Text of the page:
Attend the lecture
- Developing Race Skills for a Just and Equitable Society will be free and open to the public. The talk will be delivered March 29 at 7 p.m. in Colton Chapel. Masks are required.
Esteemed social psychologists Valerie Jones Taylor and Courtney Bonam to deliver guest lecture on undoing racism in interracial interactions Twitter
By Stella Katsipoutis-Varkanis
In a diverse society such as ours, the ability to communicate with and understand each other across racial differences is vital—and it’s a skill set that can never be overdeveloped. “Even if you’re already well practiced in managing interracial relationships, you can still learn, reflect, and grow—just like a really good choir still needs to rehearse,” says Jenn Rossmann, Baird Professor of Mechanical Engineering and co-director of the Hanson Center for Inclusive STEM Education at Lafayette.
As part of the College’s commitment to diversity, equity, and inclusion, the Hanson Center will be hosting a special event to help members of the campus community and beyond put these ideals into practice. On March 29, esteemed social psychologists Valerie Jones Taylor and Courtney Bonam—co-founders of ARC for Equity Antiracism Consulting—will be visiting the College to share their expertise and deliver a guest lecture, “Developing Race Skills for a Just and Equitable Society.”
In the lecture, which is open to the public, Taylor and Bonam will introduce what they call “race skills”: a necessary and foundational skill set for understanding what race truly is, how it came to be, and how we can effectively function in a racially diverse society. Not only will they discuss factors that lead to prejudice, discrimination, and racism within our society, and how the collection of individual-level processes relates to structural-level racial inequality and racism; they will also provide empirical evidence and tangible, research-based tools for engaging in difficult race-related conversations and interpersonal interactions leading to anti-racist social action.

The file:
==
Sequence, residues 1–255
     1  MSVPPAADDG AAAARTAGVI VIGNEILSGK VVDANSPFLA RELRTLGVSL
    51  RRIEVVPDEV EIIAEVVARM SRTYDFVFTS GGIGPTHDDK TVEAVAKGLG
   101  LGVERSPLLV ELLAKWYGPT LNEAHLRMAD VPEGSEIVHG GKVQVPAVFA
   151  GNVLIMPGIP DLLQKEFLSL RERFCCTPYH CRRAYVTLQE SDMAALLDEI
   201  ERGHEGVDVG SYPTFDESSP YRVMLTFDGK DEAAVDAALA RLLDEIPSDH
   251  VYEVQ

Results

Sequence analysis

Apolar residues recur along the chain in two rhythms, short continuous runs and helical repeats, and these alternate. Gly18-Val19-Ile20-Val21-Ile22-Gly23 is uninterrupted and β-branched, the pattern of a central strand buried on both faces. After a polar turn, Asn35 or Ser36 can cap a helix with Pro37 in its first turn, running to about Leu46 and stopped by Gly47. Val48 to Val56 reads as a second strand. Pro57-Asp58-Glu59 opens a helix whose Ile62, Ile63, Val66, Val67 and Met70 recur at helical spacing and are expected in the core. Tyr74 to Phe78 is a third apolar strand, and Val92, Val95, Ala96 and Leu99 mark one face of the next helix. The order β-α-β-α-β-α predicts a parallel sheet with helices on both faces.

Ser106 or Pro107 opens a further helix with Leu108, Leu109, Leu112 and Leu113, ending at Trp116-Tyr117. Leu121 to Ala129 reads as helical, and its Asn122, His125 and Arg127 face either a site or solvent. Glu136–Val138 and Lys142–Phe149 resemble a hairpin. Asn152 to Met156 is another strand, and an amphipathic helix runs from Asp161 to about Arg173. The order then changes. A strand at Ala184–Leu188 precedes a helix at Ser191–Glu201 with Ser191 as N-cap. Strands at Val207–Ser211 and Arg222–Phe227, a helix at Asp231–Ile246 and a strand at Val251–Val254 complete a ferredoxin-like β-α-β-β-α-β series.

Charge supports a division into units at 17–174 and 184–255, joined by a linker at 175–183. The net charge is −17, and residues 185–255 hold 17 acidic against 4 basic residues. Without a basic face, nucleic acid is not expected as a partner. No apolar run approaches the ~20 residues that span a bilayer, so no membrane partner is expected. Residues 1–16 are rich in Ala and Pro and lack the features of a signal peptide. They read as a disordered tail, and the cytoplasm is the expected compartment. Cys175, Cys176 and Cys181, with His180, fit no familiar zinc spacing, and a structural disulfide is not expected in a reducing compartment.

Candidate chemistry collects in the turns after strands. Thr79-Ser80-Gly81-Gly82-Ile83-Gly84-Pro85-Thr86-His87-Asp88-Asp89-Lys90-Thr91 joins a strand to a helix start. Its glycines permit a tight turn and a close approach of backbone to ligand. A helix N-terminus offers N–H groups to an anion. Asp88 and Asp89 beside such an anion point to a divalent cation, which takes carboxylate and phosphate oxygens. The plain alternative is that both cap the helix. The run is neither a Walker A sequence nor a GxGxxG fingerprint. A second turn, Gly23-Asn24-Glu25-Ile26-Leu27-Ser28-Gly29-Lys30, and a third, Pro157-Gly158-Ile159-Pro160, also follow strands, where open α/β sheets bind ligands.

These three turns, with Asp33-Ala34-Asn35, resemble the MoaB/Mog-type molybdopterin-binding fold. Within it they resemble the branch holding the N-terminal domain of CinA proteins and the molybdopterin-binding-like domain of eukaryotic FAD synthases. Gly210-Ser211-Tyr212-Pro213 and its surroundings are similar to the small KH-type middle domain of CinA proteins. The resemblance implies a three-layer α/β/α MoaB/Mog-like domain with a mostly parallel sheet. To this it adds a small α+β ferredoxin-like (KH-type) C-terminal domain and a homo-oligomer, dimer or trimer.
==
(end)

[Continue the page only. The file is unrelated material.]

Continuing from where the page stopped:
“Drs. Taylor and Bonam will help audience members identify and understand common pitfalls when interacting with someone of a different race, and develop strategies for preventing them in the future so that they are less likely to happen,” says Wendy Hill, Rappolt Professor Emeritus of Neuroscience and visiting professor at Lafayette, “which leads to better interracial communication.” Hill is also a co-director of the Hanson Center.
“Developing real empathy across differences, resisting easy assumptions, is foundational not just to education, but to citizenship in society,” adds Rossmann. “Understanding how we’re all interconnected and involved in our collective progress—at a moment when some are agitating to prevent us from truly understanding each other’s experiences—it seems especially critical for us to cultivate these skills.”
The opportunity to learn from experts in the field of social psychology who have used their research to develop a practical workshop and curriculum is another reason why this event is a can’t-miss, explain Rossmann and Hill. Taylor and Bonam are assistant professors of psychology at Lehigh University and University of California, Santa Cruz, respectively, and they both earned their doctorates in social psychology from Stanford University. Taylor is a recipient of the prestigious NSF CAREER award who teaches prejudice-reduction techniques through Black-white interracial interactions via VR technology, and Bonam is an expert on racialized physical spaces. In addition to delivering their lecture, Taylor and Bonam will be engaging with Lafayette students, faculty, and staff during their visit at the College.
Bonam and Taylor’s visit was made possible in part by Angela Bell, social psychologist and assistant professor of psychology at Lafayette, who is an expert in stereotyping and prejudice, and whose research addresses the experience of being a member of a stigmatized or marginalized group in social interactions.
The event will be hosted by the College’s Hanson Center for Inclusive STEM Education, whose mission it is to develop and promote best practices for inclusive STEM pedagogies; lead efforts to coordinate and sustain collaborative, interdisciplinary faculty research in inclusive STEM pedagogy and studies; develop interdisciplinary, cross-institution efforts in STEM studies, including curricular innovation around STEM in the context of society, culture, and social justice; and support students and faculty through various forms of engagement.
“Turning knowledge into practice is what the Hanson Center is all about,” Rossmann says. “We do research on our own efforts toward a more inclusive STEM ecosystem so that we’re not just importing best practices, we are understanding and developing best practices. I’m very excited about the event itself, but I’m also really excited about what it will enable us to do once it has occurred.”